Great Lengths Are Taken To Create The Strangest Jelly Belly Flavors

Have you ever wondered what dead fish tastes like? Want to trick your annoying sibling by feeding them dog food? Like the taste of vomit? If you've ever thought even one of these things, you're probably familiar with BeanBoozled.

BeanBoozled is Jelly Belly's take on Russian Roulette, in which players are presented with a package of seemingly-ordinary Jelly Belly-brand jelly beans. Half of the flavors are the usual delicious flavors you may expect to find in a bag of Jelly Belly beans, while the other half is made up of flavors both disgusting and nauseating. According to Jelly Belly, the most recent flavors of BeanBoozled include "toasted marshmallow, buttered popcorn, barf, dirty dishwasher, stink bug, and juicy pear." Each bean and its corresponding flavor look exactly alike, so the only way to know if you got tutti-frutti or stinky socks is to actually eat it.

So confident is Jelly Belly in its attempts to replicate flavors and tastes that, quite frankly, no one ever considered before, it released "Extreme BeanBoozled," in which every flavor is an unrelenting assault of rotten eggs, dog food, dishwasher water, and spoiled milk (via Specialty Food). If you're going so far as to make the taste of vomit into a jelly bean, you may as well show off that you did.

But, with all these disgusting and strange flavors, just how does Jelly Belly know how to base each flavor? How do they know what rotten eggs and dog food taste like?

It's all about getting the scent right

We don't know about you, but we're willing to bet that no one's breaking down Jelly Belly's door to be the first to see if this jelly bean truly tastes like grass or spoiled milk. How can Jelly Belly get such gross flavors down pat without tasting the actual source?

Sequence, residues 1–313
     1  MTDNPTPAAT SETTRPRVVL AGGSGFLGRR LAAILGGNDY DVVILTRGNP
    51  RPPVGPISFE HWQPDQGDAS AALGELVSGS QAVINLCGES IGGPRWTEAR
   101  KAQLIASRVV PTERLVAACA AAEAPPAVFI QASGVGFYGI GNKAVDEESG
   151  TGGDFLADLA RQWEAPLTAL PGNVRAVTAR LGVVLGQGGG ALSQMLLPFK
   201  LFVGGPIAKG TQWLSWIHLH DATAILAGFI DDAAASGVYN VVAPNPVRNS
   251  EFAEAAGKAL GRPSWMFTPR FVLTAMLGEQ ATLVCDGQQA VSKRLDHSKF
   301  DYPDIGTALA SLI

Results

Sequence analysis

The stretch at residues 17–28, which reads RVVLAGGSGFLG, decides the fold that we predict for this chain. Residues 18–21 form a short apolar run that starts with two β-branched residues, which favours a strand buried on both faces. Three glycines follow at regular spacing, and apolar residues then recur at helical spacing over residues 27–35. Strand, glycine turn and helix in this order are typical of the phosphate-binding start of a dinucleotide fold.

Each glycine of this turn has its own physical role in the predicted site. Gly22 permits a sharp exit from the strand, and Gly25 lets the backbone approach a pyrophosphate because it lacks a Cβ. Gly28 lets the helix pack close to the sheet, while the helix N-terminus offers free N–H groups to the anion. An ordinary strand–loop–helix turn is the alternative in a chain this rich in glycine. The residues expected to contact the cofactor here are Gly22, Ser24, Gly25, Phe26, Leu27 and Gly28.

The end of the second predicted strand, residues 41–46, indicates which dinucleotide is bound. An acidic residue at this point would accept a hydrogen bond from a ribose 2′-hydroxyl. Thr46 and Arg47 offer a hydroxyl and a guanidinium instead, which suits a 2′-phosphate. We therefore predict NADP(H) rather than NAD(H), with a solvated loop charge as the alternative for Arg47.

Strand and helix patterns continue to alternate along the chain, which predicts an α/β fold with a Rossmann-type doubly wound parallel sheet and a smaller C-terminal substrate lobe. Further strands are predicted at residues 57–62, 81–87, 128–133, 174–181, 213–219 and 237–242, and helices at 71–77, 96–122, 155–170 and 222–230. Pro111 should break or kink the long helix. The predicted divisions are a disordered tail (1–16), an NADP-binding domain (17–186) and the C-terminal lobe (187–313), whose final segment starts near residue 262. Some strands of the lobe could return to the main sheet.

According to Mental Floss, creating these bizarro beans is more about building a flavor based on smell. The source of the smell is processed through a machine known as a gas chromatograph, where it is converted into vapors. These vapors are then analyzed by the chromatograph, which prints out the chemical makeup, or the "flavor profile," of the smell. A particularly famous example of this method involves a scientist at Jelly Belly storing his own unwashed socks in a plastic bag for a few weeks, then running the socks through the chromatograph. The smell of the socks is converted into vapor and analyzed, allowing the scientists to create a candy that is as close to the chemical makeup of the socks as possible.

Gizmodo explains that, although these beans aren't made by crushing up dog food or straining the sweat from moldy socks,  they still require the real source to be as authentic as possible. In some cases, the artificial smells and flavors are so pungent that it even affects the scientists working on it, as was the case of one member whose clothes were ruined by the extreme smell of rancid socks.

Jelly Belly also makes extremely hot flavors too

Okay, we get it. You don't want us to talk about jelly beans that taste like vomit or dog food. Let's shift the topic to jelly beans that are flavored like actual, edible foods — or, well, edible in theory, considering that they may be too hot to eat if you're not up to it.

In 2020, Jelly Belly released "the Fiery Five Challenge" for its BeanBoozled line, in which all jelly beans are flavored after a type of pepper such as jalapeno, siracha, and Carolina Reaper. Although these beans are based on real foods, the trade-off comes from the fact that the peppers increasingly become hotter and hotter as the challenge goes on. For context, the Carolina Reaper clocks in at two million Scoville heat units (via Chili Pepper Madness), while an average jalapeno pepper you may find in your cheese dip ranges around 2,500 Scoville heat units (via PepperScale).  

How dedicated is Jelly Belly to ensuring you get the hottest-tasting jelly bean on the market? Foodbeast's review of the "Fiery Five Challenge" explains that this isn't some whimsical game you and your loved ones play, but one in which you will find yourself "subjected to a gauntlet of spice that some chili fanatics would even struggle to finish." The Impulsive Buy claimed that it was a "fun challenge," but something you wouldn't snack on if you were hungry. 

If you can't stand the heat, get outta Jelly Belly's kitchen.